San Jose Leaders Eye Changes To Medical Marijuana Rules

CALIFORNIA: With just weeks to go before a December deadline for compliance, medical marijuana providers are still balking at some of San Jose‘s rules and city officials are offering to ease them.

Nineteen pot providers have been seeking to meet San Jose’s regulatory requirements by Dec. 18. The rules, adopted in June 2014, restrict pot stores to select industrial and commercial areas away from schools and parks and impose a host of security, tax payment and other requirements. Dispensaries that fail to meet the requirements by the deadline face closure.

But one rule in particular requiring pot stores to demonstrate that their marijuana is cultivated locally and not from collectives around the state remains a sticking point. City officials plan to ask the City Council to ease the rules Tuesday, allowing another five months for shops to sell through products obtained from “third-party” vendors and letting San Jose pot clubs buy and sell to one another.

 

Colorado Seeks Permission To Grow & Study Pot At State Universities

COLORADO:  After years of trying to stamp out marijuana use on college campuses, Colorado officials are now asking the federal government to allow its state universities to grow their own pot.

The reason, they say, is that the legalization of the drug here has raised questions about its health effects, questions that can only be answered by studying large amounts and different strains of marijuana.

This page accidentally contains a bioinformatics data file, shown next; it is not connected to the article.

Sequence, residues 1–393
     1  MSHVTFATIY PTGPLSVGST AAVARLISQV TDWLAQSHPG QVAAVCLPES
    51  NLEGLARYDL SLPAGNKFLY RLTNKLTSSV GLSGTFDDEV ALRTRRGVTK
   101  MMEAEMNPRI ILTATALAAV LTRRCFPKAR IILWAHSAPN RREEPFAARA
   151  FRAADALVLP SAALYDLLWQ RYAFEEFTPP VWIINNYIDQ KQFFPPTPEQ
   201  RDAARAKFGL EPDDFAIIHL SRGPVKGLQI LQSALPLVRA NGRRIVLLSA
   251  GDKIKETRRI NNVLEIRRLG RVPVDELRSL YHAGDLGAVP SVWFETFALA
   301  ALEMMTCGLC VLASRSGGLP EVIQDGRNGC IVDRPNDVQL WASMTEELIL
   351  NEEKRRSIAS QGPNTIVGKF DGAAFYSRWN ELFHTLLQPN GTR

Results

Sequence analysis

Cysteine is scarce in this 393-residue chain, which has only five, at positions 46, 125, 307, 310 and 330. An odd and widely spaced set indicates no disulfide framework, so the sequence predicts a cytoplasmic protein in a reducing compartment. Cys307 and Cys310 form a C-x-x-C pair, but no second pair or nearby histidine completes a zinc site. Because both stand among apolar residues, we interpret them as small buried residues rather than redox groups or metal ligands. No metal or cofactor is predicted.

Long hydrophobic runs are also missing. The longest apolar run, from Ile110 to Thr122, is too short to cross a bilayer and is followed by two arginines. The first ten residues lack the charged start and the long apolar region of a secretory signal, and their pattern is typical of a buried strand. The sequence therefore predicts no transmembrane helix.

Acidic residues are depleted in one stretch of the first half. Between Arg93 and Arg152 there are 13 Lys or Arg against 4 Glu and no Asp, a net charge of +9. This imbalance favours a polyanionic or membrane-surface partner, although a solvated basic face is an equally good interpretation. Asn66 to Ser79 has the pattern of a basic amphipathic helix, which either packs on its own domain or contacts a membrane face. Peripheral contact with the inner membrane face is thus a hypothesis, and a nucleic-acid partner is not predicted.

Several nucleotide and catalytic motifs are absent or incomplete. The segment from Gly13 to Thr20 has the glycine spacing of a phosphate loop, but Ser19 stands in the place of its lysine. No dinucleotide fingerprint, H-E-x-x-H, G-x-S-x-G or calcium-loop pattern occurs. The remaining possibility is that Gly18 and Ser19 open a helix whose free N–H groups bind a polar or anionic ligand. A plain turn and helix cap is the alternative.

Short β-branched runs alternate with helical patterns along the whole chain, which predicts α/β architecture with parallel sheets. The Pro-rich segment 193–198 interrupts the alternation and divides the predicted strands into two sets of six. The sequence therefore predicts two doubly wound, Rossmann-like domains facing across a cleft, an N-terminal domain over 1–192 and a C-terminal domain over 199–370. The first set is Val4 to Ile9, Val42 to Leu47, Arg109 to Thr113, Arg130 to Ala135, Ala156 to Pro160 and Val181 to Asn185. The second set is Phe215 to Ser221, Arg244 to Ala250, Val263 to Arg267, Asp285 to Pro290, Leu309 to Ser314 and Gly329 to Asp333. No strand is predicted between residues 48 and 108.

But researchers face bureaucratic hurdles in scoring pot from the one federally approved marijuana farm, a 12-acre facility at the University of Mississippi’s National Center for Natural Products Research.

RI Could Become First State To Legalize Pot Without Voter Approval

RHODE ISLAND:  Governor Lincoln Chafee could become the first governor in America to legalize marijuana without putting the decision to the voters.

After attending a meeting of the National Governors Association in Washington, D.C., last week, Chafee discussed the possibility of “pot for potholes” – using marijuana sales revenue for infrastructure improvement – by passing a bill approved by state lawmakers.

At least one local expert thinks it’s a dangerous proposition. [Read more…]